2021 is the 10th anniversary of one of my favorite movies: Moneyball. If you haven’t seen it, rent it tonight. It’s a fast-paced, rollercoaster of a film starring Brad Pitt and Jonah Hill. Best of all, it provides an important lesson about breaking out of old paradigms of thinking.
Moneyball tells the story of how the Oakland A’s upended the entire industry of major league baseball by applying data analytics and human intelligence to the process of valuing players. The central premise was that the collective wisdom of baseball insiders was outdated. Needing If you wanted to do “more with less”, the A’s needed a breakthrough new strategy.
Moneyball (Data Analytics) is a rallying cry to more business sectors than just professional baseball. There is a lot of water utility infrastructure dating back to Ted Williams and Willie Mays. How can we think about using data and insight to manage our water systems better?
Here are three ways the water industry can start playing Moneyball to drive performance.
1. Moneyball is about expanding our frame of mind to find entirely new solutions to old challenges.
Habits are hard to break. Humans are engineered to feel more comfortable in familiar paradigms. The way baseball players were evaluated hadn’t changed in a century. Any suggestion that there was a better way felt threatening to some. Others were just skeptical. It took the Oakland A’s to put Moneyball on the map by proving you could get more productivity by turning convention on its head.
In water, traditional SCADA alarms and annual leak detection surveys have been in place for a long time. While these processes and protocols may feel as comfortable as old shoes, there are new tools that can deliver 24/7 insight and visibility into to water systems that are available through real-time sensoring, data and analytics.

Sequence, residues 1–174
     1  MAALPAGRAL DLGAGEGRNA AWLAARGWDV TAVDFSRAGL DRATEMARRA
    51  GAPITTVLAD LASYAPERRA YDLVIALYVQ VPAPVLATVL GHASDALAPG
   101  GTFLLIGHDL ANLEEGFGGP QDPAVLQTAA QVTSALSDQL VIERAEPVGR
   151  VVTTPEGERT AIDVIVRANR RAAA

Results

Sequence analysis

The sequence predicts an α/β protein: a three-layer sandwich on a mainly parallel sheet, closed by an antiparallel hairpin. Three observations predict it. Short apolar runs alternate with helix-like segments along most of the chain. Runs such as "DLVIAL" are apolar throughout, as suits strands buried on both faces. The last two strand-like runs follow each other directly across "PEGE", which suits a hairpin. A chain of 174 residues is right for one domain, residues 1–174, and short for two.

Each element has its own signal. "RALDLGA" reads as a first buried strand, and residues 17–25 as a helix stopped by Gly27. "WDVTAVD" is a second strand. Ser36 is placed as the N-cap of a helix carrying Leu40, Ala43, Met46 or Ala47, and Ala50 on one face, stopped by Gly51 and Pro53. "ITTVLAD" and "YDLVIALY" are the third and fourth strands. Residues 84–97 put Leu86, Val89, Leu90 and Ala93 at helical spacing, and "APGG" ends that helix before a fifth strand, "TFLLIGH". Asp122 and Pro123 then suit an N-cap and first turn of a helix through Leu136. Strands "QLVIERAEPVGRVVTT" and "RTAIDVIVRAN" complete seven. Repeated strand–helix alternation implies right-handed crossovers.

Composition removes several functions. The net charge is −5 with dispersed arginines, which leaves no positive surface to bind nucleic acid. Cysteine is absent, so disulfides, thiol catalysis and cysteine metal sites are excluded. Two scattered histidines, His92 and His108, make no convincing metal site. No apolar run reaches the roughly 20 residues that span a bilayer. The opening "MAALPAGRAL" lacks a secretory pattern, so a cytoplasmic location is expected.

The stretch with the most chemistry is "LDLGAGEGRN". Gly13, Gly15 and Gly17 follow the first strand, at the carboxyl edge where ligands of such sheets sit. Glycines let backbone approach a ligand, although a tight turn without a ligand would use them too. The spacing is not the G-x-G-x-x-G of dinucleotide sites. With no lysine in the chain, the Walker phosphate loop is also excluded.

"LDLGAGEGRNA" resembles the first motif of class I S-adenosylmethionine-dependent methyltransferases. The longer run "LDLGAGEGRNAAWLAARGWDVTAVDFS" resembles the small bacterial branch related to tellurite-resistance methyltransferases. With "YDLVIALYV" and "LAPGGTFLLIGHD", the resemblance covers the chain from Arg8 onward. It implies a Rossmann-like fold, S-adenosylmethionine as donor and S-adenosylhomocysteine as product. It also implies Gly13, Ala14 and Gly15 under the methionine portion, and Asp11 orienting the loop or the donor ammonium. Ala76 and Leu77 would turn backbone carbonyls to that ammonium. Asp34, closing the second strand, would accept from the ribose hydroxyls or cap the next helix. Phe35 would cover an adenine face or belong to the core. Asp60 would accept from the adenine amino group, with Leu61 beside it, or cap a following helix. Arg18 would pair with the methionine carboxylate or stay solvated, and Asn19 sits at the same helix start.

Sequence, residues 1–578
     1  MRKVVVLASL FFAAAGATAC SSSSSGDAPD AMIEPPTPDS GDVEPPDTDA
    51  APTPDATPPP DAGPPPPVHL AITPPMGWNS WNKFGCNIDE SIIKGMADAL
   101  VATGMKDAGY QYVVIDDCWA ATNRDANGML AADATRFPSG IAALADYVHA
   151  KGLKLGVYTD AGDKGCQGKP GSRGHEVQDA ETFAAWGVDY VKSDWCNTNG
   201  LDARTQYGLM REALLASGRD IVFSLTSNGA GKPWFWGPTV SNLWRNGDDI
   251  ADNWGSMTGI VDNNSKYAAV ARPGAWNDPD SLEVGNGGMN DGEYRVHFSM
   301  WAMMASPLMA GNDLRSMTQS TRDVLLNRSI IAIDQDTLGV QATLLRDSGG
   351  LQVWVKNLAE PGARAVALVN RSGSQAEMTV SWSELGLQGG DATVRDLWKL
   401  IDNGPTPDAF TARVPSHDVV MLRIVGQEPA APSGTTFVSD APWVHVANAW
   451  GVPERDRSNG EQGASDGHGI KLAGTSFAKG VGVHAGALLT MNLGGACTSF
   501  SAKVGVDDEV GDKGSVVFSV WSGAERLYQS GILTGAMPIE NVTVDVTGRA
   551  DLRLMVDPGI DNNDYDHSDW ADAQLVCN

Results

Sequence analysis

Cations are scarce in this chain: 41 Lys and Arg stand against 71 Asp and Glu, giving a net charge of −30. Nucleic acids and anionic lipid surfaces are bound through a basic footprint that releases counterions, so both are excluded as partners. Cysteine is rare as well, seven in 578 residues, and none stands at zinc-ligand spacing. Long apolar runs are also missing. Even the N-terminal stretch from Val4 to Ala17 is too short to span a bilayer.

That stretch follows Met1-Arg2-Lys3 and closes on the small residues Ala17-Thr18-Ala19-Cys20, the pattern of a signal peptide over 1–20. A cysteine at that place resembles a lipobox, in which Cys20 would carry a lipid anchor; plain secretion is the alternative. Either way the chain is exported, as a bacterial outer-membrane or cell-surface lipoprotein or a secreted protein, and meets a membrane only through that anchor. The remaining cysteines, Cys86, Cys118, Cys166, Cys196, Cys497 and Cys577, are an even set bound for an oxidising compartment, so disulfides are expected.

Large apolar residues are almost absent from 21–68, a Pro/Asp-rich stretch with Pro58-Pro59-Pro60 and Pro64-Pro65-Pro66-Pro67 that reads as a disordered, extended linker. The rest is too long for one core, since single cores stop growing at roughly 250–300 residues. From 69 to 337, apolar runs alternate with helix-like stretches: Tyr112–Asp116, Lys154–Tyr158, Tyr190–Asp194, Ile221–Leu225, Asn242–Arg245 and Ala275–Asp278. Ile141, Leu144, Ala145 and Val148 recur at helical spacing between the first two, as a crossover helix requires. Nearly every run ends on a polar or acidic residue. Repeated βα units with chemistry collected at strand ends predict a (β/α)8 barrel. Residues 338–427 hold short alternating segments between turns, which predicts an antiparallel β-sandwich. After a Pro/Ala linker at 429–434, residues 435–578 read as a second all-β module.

2. Moneyball is about more than data. It’s about the right data.
For more than a century, baseball players were evaluated on what was thought to be tried-and-true statistics, such as stolen bases, runs batted in and batting average. But, it turns out, there are other statistics that provide better insight to help teams win games.
In the same way, remote monitoring and insight of water systems bring new metrics that would have been unimaginable a decade ago. Now utility managers can see how localized system pressures and flow rates, break histories and operational schedules interrelate to enable smarter operational decision making.
3. Moneyball does not devalue the human’s role, it enhances it.
Today, virtually all baseball teams employ analytics. But you’ll notice that it hasn’t put scouts, managers and front-office staff out of a job. Rather, it has empowered executives and staffs to be better at their jobs. Data and analytics are merely tools that allow people to make more effective decision-making.
In the same way, Aquify’s Remote Insight and Management solution isn’t about “robotizing” the decision-making of water utilities. Far from it, the insights gained from 24/7 remote monitoring and analysis makes water managers better at what they do.
Just like it was the Oakland A’s that were the first-movers in baseball to be soon followed by everyone else, there are water utilities that are today installing sensors and getting real-time insight to manage pressure and find leaks that would be hard to find otherwise.
And these first movers are gaining tremendous return on investment. Through saved water and saved money, these utilities are reaping rewards far beyond their initial investment.
We would love to have a conversation with you on how water utilities can play Moneyball.